• A link to my personal Google Drive folder with hundreds of reading passages, short stories and teacher resources in ALL genres! (Sorry, no link…it’s in the product, though!)
  • A Google Doc for students with activities based on Bloom’s Taxonomy for ALL genres!
  • A Google Doc with hundreds of links to teacher resources!

Here’s a sneak preview:

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Click HERE to check out my Genre Study unit on Teachers Pay Teachers!

And don’t forget to follow my 50 Pinterest boards JUST for teachers! Click HERE!

And as always, I welcome your questions and comments below! Thank you for reading this blog!

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Travel and Teaching: Washington D.C. Part 2

IMG_1087Here’s the second post in my Travel and Teaching series (check out the FIRST one) about how teachers can bring their own travels back to their classrooms and enrich global and cultural awareness in their students. In a blog by Kay K. from Educational Tours, she writes “…[travel] promotes cultural understanding and encourages open-mindedness during key formative years.” Even if your students can’t travel, or have not traveled much, they can learn so much about other places if their teachers share their own experiences.

My first visit to the Washington D.C. area was an incredible learning experience for me! While there, I kept wishing I had a class full of students I could share all of this with, as I did in the past. Fortunately, I have been able to use my experiences on this trip to create some learning activities for my tutoring students and readers of this blog!

Arlington Cemetery

Arlington Cemetery…WOW! When I asked my elementary and high school tutoring students if they had heard about this place, most said no and none had visited there. So wrong! All students need to know about this beautiful, historic cemetery and the sacrifices our American soldiers have made for us over the last few hundred years. We were able to see the Kennedy gravesites, the gorgeous cherry trees in full blossom and the Tomb of the Unknown Soldier. Below I shared a professional video of the Changing of the Guard as we were on the wrong end of the viewing area to get a good video. The one thing that impressed me the most about seeing this ceremony was the incredible respect and silence the hundreds of tourists had while watching this…even the children. Very amazing and moving! While walking through the cemetery I tried to read as many gravestones as I could; these people deserve to be remembered and I’m sure many Americans have ancestors buried here.  Below are some teaching resources for your students; feel free to use my photos as well (I have captions on all of them so you can explain them to your students).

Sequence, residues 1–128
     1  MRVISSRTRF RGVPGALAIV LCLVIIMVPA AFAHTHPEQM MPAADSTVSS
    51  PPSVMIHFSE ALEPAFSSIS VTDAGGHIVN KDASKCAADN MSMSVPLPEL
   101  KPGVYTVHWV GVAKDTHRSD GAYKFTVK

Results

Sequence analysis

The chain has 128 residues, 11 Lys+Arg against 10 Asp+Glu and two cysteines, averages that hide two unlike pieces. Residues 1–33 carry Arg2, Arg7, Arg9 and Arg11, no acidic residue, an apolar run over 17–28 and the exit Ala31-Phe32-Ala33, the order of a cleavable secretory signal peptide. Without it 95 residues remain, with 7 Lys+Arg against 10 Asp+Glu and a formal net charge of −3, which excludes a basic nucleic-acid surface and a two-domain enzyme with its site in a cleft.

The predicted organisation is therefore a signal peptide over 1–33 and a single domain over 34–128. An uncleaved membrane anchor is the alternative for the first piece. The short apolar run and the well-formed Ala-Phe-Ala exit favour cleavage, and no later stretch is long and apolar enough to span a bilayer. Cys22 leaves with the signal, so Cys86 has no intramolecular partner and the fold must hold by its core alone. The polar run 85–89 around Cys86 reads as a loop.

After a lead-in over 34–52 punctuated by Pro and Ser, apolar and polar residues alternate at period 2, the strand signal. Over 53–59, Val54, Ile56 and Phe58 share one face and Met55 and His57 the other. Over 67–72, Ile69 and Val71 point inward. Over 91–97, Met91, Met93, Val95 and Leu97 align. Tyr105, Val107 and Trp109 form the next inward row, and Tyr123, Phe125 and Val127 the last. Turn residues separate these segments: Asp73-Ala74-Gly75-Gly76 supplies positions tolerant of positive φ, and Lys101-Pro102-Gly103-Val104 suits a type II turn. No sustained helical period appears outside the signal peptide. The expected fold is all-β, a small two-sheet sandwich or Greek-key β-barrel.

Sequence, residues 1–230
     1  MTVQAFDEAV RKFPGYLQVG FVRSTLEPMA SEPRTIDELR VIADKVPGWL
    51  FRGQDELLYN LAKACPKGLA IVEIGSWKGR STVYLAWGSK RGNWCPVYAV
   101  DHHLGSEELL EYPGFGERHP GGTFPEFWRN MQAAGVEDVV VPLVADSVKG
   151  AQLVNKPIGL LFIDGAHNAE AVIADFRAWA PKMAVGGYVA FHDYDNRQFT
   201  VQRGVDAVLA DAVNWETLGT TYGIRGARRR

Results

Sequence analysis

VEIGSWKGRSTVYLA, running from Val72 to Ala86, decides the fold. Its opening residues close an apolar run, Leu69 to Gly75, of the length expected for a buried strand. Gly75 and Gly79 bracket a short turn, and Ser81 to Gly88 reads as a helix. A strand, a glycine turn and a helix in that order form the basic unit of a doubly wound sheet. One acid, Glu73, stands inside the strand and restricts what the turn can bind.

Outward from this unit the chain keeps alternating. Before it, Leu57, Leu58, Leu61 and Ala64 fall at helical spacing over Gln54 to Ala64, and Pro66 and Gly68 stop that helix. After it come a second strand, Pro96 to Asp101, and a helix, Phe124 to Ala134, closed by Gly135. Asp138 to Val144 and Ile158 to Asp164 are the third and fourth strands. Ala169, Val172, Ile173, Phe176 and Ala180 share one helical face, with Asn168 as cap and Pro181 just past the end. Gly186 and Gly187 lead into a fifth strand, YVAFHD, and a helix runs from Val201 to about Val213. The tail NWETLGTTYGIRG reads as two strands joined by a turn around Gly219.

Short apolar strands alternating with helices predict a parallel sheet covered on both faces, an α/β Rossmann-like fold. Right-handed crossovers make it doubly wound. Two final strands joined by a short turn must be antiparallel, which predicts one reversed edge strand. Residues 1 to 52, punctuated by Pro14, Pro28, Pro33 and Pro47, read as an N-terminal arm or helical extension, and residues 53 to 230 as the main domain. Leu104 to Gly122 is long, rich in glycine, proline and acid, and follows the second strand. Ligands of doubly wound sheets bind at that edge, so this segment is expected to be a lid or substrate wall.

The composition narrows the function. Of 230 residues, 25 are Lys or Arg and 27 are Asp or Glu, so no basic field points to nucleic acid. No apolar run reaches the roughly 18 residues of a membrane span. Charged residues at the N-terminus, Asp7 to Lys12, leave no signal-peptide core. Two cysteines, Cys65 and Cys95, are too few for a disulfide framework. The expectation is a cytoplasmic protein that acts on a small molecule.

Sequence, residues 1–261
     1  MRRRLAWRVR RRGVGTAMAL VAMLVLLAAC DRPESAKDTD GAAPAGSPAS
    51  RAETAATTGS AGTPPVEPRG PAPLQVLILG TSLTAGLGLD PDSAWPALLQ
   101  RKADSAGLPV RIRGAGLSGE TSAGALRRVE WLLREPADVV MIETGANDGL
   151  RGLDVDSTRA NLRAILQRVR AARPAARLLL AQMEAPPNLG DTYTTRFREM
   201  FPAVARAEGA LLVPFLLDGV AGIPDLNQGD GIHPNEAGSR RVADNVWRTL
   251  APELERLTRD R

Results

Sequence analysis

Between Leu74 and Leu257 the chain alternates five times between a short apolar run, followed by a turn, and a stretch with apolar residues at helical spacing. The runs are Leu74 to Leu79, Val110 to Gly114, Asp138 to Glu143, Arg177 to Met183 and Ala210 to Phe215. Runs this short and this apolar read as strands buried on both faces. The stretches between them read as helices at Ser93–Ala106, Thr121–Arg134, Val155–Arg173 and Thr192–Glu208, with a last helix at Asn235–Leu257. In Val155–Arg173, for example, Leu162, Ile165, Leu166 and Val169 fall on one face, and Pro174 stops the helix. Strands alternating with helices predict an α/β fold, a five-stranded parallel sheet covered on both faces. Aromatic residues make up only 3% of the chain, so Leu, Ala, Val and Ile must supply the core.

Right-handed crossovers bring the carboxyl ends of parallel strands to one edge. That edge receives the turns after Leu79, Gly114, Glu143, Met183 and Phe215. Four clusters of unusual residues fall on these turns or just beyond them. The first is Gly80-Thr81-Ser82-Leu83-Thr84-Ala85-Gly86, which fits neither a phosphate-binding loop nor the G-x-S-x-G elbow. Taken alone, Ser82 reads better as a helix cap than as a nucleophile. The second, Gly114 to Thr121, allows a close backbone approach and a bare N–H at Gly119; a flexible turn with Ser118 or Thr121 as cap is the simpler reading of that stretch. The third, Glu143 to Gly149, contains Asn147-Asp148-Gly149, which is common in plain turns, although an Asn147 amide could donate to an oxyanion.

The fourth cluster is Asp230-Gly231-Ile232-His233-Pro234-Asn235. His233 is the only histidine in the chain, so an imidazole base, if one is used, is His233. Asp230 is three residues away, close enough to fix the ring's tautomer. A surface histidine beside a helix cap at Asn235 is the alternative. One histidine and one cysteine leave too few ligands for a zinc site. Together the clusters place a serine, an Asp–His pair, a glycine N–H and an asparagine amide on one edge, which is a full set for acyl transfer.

Arlington Resources:
My Photos of Arlington
Kiddle Info on Arlington
Ben’s Guide Info on Arlington
Ducksters Info on Arlington
Kiddle Info on Robert F. Kennedy
Info on Jacqueline Kennedy Onassis
Info on the Kennedy gravesite at Arlington
Tomb of the Unknown Soldier
Facts for kids: Tomb of the Unknown Soldier
Video of the Changing of the Guard

IMG_0077National Archives Museum

We were so fortunate to be able to visit this incredible museum before hours and with just a few people! My stepson was re-enlisting in the army and this time, his ceremony was held in the rotunda of this beautiful place. Along with our family, and his wives’ family, there was just one other soldier re-enlisting, his family and the commanding officers of the two soldiers. This was an extremely moving ceremony to watch, especially as the soldiers vowed to uphold the Constitution right in FRONT of the actual document! We also had a tour guide who told us about all the documents on display, as well as the beautiful murals above them. We were not allowed to take photos, but they had an official army photographer who took pictures of my husband and me in front of the Declaration of Independence, the Constitution and the Bill of Rights! Needless to say, this teacher/history geek was in heaven!

Mount Vernon